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When working with resources in a Web site, you must often specify a path for the resource. For example, you might use a URL path to reference an image file in a page or the URL of a page elsewhere in the Web site. Similarly, code in your Web application might use a physical file path to a server-based file to read or write the file. ASP.NET provides facilities for referring to resources and for determining the paths of pages or other resources in the application.

Specifying Paths for Resources

In many cases, elements or controls on your page must refer to an external resource such as a file. ASP.NET allows you to reference external resources in various ways. The way you choose depends on whether you are working with a client-side element or a server control.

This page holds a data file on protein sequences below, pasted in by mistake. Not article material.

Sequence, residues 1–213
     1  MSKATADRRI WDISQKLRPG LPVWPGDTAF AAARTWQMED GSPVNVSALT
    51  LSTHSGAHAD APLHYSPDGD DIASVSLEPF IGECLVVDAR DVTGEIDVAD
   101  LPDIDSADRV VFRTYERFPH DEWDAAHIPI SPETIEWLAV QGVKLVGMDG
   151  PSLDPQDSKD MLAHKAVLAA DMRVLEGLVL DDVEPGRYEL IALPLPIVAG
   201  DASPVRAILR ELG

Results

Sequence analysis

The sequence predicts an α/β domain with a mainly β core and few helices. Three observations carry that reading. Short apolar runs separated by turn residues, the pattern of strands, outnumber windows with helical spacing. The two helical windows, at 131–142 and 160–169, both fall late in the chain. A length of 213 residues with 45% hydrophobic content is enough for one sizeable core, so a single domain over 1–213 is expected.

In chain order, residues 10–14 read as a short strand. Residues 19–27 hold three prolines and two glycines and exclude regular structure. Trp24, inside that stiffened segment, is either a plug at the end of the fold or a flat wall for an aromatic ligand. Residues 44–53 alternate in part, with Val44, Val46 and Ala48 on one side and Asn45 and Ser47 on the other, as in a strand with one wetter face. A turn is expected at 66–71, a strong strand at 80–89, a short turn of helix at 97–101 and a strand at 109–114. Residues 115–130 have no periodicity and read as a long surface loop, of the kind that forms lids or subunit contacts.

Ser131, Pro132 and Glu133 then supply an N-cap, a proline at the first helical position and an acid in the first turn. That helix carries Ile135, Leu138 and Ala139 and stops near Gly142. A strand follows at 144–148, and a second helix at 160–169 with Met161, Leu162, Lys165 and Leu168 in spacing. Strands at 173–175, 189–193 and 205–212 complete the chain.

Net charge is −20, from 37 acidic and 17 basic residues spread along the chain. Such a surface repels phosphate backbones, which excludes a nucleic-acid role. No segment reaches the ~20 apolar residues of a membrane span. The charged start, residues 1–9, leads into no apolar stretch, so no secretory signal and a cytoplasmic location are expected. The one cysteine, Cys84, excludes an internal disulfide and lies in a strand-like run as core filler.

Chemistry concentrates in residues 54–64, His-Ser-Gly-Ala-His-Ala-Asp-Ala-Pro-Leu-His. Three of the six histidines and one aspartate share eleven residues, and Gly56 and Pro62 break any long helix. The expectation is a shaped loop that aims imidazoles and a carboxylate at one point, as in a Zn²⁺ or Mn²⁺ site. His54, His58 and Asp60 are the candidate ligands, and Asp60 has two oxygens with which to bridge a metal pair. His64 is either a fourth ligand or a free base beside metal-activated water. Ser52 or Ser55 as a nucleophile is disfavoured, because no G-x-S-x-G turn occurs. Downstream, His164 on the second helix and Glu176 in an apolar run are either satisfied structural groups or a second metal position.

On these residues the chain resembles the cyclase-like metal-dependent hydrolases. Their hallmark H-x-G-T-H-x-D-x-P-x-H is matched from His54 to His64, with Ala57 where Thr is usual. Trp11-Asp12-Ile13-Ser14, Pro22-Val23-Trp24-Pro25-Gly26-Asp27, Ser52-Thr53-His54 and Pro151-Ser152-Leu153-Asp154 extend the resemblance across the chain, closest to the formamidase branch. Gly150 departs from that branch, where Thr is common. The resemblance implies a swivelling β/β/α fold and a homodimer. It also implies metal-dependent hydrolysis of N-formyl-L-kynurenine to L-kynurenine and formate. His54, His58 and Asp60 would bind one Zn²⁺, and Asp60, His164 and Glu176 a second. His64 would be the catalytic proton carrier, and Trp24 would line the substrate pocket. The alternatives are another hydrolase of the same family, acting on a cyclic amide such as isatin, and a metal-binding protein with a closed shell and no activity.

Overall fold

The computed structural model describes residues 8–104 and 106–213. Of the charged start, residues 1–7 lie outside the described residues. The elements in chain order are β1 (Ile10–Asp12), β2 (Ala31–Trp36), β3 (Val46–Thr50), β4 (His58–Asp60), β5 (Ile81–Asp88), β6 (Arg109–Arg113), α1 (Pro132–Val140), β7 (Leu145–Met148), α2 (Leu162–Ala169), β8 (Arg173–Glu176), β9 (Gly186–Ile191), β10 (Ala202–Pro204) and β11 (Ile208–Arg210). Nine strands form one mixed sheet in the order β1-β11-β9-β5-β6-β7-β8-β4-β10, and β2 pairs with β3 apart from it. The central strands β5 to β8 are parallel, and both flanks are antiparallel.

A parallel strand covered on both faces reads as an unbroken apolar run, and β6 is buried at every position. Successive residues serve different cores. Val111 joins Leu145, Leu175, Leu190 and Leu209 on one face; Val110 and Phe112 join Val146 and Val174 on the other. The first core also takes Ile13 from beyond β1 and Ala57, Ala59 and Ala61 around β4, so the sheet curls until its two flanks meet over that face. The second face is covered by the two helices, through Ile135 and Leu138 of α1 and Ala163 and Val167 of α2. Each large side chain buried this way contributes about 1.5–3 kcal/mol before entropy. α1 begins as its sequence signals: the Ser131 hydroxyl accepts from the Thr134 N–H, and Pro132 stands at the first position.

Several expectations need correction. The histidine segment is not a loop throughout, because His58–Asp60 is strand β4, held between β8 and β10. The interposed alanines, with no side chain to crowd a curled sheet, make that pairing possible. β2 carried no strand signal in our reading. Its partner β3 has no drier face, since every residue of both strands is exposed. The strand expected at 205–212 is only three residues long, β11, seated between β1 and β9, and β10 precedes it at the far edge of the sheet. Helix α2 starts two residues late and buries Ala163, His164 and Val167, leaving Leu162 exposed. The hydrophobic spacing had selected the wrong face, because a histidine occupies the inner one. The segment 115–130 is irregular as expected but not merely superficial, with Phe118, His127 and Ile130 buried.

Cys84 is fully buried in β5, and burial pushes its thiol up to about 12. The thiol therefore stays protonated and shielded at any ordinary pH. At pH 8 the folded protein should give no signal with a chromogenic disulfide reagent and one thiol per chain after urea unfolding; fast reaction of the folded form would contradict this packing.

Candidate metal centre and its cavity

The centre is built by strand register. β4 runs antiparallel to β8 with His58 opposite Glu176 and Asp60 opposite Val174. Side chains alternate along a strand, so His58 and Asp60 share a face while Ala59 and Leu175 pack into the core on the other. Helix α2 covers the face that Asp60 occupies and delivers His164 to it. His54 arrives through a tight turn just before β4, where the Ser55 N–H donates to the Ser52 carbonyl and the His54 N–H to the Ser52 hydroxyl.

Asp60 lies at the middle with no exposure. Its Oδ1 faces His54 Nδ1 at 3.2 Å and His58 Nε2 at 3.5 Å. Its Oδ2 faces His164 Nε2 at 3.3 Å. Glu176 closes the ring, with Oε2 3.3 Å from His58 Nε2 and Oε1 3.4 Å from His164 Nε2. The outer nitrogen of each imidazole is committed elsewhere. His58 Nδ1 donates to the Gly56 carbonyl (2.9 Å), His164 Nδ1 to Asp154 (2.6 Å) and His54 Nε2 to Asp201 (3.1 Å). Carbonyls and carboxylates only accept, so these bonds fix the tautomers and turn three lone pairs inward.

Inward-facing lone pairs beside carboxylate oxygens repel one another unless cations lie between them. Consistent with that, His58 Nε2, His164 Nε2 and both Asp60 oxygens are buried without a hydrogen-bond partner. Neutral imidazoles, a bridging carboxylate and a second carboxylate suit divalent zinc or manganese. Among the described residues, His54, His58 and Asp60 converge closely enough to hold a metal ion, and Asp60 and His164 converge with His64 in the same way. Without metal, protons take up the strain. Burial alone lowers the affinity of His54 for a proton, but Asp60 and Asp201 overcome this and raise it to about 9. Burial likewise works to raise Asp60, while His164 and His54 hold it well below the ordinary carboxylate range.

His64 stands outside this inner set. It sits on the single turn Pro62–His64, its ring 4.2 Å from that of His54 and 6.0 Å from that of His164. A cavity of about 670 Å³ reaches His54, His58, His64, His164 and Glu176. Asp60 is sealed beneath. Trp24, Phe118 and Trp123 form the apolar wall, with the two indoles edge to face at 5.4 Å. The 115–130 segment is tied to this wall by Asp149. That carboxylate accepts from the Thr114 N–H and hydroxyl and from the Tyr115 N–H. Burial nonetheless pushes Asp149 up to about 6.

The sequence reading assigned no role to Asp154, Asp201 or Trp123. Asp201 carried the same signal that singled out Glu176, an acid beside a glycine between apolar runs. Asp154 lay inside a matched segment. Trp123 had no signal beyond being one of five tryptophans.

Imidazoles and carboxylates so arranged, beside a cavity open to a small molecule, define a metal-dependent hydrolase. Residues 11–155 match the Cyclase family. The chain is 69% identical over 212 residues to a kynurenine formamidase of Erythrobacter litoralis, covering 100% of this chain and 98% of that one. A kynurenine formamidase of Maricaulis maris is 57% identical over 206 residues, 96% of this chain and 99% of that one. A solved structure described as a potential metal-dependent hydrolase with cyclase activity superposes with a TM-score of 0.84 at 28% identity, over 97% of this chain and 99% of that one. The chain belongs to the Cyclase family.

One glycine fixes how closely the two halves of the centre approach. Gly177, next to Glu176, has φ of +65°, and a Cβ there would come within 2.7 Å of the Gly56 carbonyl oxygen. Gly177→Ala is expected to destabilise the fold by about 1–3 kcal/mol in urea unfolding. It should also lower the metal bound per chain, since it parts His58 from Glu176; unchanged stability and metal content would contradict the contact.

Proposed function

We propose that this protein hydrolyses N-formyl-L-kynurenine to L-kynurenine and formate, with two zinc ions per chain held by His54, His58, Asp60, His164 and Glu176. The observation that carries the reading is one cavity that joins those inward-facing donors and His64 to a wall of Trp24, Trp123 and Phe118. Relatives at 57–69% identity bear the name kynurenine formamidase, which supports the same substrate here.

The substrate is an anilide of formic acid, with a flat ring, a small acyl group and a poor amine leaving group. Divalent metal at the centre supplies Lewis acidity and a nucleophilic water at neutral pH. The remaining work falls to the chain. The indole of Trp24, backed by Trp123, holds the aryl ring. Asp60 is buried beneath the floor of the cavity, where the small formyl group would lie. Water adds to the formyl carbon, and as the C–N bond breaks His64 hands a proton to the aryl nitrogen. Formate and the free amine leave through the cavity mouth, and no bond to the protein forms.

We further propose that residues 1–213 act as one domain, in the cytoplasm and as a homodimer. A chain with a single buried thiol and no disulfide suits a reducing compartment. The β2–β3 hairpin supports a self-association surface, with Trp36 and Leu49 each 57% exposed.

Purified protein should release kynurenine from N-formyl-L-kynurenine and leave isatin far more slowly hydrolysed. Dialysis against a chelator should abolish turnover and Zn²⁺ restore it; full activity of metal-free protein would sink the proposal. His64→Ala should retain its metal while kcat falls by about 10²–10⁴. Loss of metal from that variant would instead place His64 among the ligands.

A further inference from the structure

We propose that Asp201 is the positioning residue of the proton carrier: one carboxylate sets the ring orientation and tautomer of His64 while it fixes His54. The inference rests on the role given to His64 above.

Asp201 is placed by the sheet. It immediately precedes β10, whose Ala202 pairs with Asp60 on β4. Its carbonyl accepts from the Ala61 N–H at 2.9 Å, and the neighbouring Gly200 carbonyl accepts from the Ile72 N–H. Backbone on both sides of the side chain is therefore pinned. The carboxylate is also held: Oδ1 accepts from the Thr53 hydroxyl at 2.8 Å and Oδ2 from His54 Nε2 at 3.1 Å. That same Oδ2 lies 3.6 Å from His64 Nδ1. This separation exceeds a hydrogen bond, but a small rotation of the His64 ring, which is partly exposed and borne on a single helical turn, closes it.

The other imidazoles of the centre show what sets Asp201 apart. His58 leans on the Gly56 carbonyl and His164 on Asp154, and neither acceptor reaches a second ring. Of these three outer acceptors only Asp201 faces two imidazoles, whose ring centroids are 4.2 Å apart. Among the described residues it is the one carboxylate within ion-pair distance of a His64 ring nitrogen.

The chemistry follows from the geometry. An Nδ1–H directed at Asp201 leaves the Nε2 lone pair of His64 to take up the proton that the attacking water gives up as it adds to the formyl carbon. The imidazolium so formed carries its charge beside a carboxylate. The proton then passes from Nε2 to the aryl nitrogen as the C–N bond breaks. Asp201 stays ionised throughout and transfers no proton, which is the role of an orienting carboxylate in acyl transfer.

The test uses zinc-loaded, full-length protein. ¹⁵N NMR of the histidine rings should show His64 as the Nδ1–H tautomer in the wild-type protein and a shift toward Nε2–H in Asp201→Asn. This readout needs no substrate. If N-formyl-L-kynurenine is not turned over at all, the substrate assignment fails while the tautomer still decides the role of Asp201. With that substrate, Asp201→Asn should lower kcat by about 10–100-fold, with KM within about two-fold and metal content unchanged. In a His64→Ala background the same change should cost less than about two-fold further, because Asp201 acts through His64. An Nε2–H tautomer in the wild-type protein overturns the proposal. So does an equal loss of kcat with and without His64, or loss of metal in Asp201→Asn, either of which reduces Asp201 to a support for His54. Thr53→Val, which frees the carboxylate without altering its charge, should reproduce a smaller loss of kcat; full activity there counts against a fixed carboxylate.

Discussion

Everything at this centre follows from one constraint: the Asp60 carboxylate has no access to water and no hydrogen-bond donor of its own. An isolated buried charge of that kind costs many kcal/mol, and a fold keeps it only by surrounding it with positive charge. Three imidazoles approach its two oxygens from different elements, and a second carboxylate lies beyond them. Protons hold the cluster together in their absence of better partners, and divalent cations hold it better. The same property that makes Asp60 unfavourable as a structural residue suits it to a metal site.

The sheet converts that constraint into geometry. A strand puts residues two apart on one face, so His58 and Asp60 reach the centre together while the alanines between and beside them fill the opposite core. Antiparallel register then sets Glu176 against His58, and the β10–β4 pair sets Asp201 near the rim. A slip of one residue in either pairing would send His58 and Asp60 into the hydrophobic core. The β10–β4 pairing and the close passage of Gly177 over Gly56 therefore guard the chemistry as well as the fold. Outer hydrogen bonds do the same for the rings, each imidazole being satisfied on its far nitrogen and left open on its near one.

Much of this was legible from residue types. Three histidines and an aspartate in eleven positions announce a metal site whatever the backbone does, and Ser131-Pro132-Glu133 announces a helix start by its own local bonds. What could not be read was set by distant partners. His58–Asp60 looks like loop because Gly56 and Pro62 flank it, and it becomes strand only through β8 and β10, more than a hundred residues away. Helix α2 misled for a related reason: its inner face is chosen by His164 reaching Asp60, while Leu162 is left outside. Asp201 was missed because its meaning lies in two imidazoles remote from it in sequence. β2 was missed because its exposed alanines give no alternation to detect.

Client Elements

Elements that are not server controls on a page—client elements—are passed through as-is to the browser. Therefore, when referring to a resource from a client element, you construct paths according to standard rules for URLs in HTML. You can use a fully qualified (absolute) URL path or various types of relative paths. For example, if your page contains an img tag, you can set its src attribute using one of the following paths:

  • An absolute URL path:

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    <img src="" />

    An absolute URL path is useful if you are referencing resources in another location such as an external Web site.

  • A site-root relative path, which is resolved against the site (not application) root. This example path assumes the existence of an Images folder under the Web site root:

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    <img src="/Images/SampleImage.jpg" />

    If your Web site is, the path would resolve to the following:

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    Site-root relative paths are useful if you keep cross-application resources such as images or client script files in a folder underneath the Web site root.